Over the past half decade, the Emotet malware has emerged as a top Internet threat that pillages people’s bank accounts and installs other types of malware. The sophistication of its code base and its regularly evolving methods for tricking targets into clicking on malicious links—in September, for instance, it began a spam run that addresses recipients by name and quotes past emails they sent or received—has allowed it to spread widely. Now, Emotet is adopting yet another way to spread: using already compromised devices to infect devices connected to nearby Wi-Fi networks.
Last month, Emotet operators were caught using an updated version that uses infected devices to enumerate all nearby Wi-Fi networks. It uses a programming interface called wlanAPI to profile the SSID, signal strength, and use of WPA or other encryption methods for password-protecting access. Then, the malware uses one of two password lists to guess commonly used default username and password combinations.
After successfully gaining access to a new Wi-Fi network, the infected device enumerates all non-hidden devices that are connected to it. Using a second password list, the malware then tries to guess credentials for each user connected to the drive. In the event that no connected users are infected, the malware tries to guess the password for the administrator of the shared resource.
While Emotet is best known for circulating through malicious email runs, it has also been observed spreading in worm-like fashion from device to device over infected networks. If it successfully guesses the password to a connected device, it then loads the Emotet malware and possibly other pieces of malware—such as the Ryuk ransomware or the TrickBot malware—in exchange for fees paid by operators of those campaigns. No longer content with infecting only devices inside the compromised network, Emotet is now using the newly discovered version to jump from network to network.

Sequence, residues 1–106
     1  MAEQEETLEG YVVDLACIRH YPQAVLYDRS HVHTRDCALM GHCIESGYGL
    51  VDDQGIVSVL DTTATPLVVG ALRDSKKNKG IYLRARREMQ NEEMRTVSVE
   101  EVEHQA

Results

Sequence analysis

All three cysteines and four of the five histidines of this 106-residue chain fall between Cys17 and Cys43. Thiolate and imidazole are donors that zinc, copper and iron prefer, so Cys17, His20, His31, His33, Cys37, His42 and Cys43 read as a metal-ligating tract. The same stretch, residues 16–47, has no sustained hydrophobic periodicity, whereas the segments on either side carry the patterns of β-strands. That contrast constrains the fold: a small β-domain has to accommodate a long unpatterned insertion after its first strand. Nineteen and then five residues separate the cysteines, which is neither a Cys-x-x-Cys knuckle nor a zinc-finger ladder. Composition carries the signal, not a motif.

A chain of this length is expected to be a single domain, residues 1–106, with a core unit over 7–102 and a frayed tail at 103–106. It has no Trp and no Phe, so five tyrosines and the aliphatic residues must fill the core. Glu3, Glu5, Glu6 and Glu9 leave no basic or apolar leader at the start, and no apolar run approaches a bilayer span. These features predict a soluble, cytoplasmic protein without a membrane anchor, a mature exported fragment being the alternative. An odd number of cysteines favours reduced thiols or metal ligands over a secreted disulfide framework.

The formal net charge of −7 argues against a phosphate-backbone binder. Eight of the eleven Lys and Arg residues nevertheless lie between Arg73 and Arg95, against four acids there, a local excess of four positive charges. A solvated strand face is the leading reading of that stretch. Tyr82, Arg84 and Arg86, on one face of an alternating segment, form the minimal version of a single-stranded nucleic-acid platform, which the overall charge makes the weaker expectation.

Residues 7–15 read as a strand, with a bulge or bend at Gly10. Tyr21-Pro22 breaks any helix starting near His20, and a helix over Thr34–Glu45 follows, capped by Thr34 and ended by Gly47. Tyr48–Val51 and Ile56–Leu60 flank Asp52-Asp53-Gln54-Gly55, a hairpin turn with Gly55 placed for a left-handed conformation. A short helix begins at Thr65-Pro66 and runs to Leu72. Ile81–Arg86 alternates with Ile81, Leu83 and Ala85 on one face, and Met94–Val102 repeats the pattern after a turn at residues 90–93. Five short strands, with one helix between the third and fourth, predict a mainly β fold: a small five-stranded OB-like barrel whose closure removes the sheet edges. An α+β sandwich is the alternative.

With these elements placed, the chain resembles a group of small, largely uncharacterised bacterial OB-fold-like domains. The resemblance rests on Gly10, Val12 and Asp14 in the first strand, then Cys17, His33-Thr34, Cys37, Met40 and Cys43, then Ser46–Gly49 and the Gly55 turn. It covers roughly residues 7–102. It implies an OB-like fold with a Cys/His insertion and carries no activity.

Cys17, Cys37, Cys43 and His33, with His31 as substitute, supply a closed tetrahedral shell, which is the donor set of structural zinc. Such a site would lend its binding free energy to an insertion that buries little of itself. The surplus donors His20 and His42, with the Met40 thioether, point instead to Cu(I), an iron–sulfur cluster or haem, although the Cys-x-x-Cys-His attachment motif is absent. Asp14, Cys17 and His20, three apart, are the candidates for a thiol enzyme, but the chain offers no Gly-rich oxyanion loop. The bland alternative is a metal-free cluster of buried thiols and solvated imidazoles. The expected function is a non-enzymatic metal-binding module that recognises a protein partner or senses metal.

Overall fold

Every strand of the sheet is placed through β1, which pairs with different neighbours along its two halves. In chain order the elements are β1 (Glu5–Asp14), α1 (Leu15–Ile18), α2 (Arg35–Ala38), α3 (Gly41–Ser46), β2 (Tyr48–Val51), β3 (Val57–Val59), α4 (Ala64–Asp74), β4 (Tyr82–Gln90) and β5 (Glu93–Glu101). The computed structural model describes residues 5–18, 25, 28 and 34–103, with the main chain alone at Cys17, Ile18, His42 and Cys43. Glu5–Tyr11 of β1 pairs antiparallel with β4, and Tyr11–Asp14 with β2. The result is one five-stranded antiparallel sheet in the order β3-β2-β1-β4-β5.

Beware of weak passwords
“With this newly discovered loader-type used by Emotet, a new threat vector is introduced to Emotet’s capabilities,” researchers from security firm Binary Defense wrote in a recently published post. “Previously thought to only spread through malspam and infected networks, Emotet can use this loader-type to spread through nearby wireless networks if the networks use insecure passwords.”
The Binary Defense post said the new Wi-Fi spreader has a timestamp of April 2018 and was first submitted to the VirusTotal malware search engine a month later. While the module was created almost two years ago, Binary Defense didn’t observe it being used in the wild until last month.
The newly documented spreader underscores the importance of using strong passwords to restrict access to Wi-Fi networks. Emotet’s previously known ability to spread from device to device within a network already underscored the importance of using strong passwords to restrict access to devices connected to local networks. Passwords should always be randomly generated and should never be fewer than 11 characters.
One aspect of the new Wi-Fi spreader is out of keeping with Emotet’s usual penchant for stealth of sophistication. The module uses unencrypted connections to communicate with attacker-controlled servers. That makes it easy to detect patterns in traffic that people can use to detect infections. The malware can also be detected through active monitoring of connected devices for new services being installed and watching for any processes or services running from temporary files and user profile application data folders. The Binary Defense post provides other indicators of compromise.